I have been addicted to IRC ever since my first days as a mIRC scripter back in 1996-1997 and the true wonders of DALnet and DCC chat. After I jumped the Slackware Linux wagon in 1998 I was first introduced to X-Chat as the “one true IRC client”. However, with my thirst for having an “always-on” presence on IRC after I got my first ISDN connection (paid for by my parents, of course), I switched to irssi+GNU Screen after one of my geek friends enlightened me. I was hooked. GNU Screen allowed me to open irssi in a window and detach the session to the background when I was out and about. And it was 100 % console based, which meant I could just stick to the keyboard. Whilst everyone was moving on to ICQ in 1998 and MSN Messenger in 2001, I was happily chucking away on my Debian 2.2 (“Woody”) powered home server with irssi running in a 24/7 Screen instance.
I upgraded my home server the other day (running FreeBSD) and I thought it would be interesting to see what other alternatives to irssi exist out there. Not much has happened to irssi over the years, at least not on the front end. I recently converted to tmux from screen after it was incorporated into the OpenBSD base tree and discovered that it was so much better. After looking around I found WeeChat in a Linux Journal article where it received there warmest recommendations — especially for irrsi users. I have now decided to give it a spin.
When it starts, it looks very much like irssi. A simple command window. Everything accessible via keyboard commands. The easily recognisable blue status bar at the bottom actually caused me to think if I had accidentally symlinked /usr/local/bin/weechat to irss. But no! After connecting to my usual channels, the following hidden gems appeared:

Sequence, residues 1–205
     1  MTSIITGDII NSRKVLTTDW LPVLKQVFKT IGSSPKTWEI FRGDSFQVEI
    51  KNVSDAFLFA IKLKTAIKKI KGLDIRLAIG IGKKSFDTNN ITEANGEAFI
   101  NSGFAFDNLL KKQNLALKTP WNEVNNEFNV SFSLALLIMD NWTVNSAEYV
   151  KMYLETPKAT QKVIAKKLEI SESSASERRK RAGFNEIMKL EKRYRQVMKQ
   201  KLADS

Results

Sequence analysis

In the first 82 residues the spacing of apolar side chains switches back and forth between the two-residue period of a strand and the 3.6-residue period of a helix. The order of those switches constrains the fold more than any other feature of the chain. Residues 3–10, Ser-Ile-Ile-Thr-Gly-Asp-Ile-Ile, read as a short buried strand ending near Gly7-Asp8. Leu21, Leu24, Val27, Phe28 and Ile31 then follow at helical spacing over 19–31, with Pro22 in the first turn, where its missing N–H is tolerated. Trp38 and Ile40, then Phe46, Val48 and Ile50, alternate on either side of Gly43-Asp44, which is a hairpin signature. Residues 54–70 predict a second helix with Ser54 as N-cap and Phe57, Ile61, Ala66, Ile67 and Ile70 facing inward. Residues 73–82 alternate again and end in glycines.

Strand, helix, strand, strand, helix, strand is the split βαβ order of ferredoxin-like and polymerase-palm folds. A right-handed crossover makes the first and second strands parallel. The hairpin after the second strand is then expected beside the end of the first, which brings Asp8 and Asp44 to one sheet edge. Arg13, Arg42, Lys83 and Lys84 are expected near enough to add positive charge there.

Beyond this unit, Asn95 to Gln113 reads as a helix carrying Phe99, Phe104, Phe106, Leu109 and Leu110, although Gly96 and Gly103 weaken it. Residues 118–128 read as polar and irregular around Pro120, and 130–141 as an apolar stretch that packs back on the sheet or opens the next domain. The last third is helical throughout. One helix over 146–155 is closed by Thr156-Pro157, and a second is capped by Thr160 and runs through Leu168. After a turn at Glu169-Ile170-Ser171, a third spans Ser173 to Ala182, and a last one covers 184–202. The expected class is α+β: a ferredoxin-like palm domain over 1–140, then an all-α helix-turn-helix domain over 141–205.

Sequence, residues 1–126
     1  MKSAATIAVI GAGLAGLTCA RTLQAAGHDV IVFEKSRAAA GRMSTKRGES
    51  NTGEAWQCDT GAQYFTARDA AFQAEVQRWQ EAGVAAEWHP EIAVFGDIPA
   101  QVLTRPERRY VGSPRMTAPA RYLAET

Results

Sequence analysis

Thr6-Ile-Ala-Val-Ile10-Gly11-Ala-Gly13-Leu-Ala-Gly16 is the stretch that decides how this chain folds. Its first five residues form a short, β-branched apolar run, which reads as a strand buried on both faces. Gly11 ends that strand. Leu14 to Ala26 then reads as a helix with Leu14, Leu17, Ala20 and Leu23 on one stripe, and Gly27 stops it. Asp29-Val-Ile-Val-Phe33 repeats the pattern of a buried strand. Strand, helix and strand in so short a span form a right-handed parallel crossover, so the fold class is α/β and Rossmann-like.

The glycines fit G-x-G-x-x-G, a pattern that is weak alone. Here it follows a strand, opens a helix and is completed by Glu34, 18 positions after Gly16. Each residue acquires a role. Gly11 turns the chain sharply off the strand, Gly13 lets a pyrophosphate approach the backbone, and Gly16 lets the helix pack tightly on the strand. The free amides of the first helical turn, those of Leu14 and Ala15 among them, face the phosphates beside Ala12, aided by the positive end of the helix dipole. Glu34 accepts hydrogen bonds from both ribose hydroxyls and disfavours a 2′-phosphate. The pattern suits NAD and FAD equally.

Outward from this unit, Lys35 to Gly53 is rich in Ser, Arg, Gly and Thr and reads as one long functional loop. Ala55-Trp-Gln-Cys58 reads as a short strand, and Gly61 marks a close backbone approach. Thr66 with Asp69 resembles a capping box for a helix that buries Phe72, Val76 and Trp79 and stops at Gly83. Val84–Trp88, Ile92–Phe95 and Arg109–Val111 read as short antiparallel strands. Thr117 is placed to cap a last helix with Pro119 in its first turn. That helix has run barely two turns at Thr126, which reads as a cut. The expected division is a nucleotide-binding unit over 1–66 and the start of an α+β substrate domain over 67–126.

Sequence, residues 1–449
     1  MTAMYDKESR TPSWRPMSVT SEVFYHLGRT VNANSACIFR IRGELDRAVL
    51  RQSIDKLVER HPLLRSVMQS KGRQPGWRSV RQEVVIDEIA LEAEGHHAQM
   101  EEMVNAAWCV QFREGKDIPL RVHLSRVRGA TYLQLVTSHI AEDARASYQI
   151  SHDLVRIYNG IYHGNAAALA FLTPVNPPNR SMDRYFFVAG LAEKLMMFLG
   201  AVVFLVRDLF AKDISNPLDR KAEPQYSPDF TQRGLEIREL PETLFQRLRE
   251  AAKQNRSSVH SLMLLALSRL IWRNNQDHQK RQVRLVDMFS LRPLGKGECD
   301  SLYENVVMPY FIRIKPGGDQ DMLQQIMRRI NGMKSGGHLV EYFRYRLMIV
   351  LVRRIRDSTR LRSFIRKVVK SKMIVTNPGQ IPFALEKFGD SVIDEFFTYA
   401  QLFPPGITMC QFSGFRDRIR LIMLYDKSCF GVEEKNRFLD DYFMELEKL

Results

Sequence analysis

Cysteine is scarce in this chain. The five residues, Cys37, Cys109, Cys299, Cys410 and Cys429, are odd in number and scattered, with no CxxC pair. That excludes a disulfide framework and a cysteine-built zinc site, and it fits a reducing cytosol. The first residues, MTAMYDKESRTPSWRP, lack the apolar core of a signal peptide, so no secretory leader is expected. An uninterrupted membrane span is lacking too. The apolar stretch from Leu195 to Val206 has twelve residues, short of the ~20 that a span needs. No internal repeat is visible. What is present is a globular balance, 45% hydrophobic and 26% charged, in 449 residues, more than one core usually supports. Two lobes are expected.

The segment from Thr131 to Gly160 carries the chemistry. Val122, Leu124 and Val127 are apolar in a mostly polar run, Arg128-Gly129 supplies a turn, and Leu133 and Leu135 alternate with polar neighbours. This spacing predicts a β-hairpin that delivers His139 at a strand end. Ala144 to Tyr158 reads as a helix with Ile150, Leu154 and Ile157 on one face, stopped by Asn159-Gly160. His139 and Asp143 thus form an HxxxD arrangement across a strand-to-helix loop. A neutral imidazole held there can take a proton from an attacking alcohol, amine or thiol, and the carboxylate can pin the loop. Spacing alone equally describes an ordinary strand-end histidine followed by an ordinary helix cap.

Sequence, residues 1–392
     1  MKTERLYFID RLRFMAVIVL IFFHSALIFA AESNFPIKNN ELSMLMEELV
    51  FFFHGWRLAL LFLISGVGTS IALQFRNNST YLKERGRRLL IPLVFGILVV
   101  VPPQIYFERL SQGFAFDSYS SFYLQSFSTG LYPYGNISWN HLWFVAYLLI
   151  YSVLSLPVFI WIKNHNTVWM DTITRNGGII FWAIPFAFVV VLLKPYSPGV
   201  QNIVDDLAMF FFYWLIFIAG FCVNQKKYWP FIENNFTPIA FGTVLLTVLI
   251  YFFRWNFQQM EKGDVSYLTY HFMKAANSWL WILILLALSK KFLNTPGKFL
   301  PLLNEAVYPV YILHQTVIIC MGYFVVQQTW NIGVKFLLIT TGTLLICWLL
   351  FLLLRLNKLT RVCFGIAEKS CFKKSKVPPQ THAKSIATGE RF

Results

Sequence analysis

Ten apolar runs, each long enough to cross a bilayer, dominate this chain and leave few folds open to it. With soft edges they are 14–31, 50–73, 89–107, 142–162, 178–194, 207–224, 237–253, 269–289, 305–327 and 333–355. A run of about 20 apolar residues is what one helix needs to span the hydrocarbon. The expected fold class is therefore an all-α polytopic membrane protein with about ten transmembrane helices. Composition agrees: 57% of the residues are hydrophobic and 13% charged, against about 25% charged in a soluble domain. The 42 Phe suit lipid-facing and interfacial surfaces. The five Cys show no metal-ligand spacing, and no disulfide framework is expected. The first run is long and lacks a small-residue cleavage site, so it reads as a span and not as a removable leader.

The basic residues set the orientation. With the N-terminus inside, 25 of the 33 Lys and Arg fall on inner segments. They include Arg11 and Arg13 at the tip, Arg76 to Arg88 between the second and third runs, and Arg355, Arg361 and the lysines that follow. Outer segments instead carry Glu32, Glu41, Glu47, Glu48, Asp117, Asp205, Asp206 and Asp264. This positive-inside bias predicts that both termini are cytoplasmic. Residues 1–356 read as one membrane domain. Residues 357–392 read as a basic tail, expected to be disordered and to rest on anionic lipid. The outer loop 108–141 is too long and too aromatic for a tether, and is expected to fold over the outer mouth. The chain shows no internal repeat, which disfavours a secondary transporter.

- A list of channels on the left-hand side
- A list of users in the current channel on the right-hand side
- A nice default colour scheme (it looks very nice in combination with the Zenburn theme in urxvt
- Buffers allowing me to create multiple vertical and horisontal window splits displaying multiple channels in the same console (without having to scoot with ESC+
between different channels)
- Lots of customisation and scripting features (I know, irssi has that as well)
- irssi-compatible keyboard bindings and commands, which mean that you can easily get started without too much getting-used-to-a-new-way-of-doing-things-around-here.
I will give WeeChat a spin and see if it is something worth sticking to.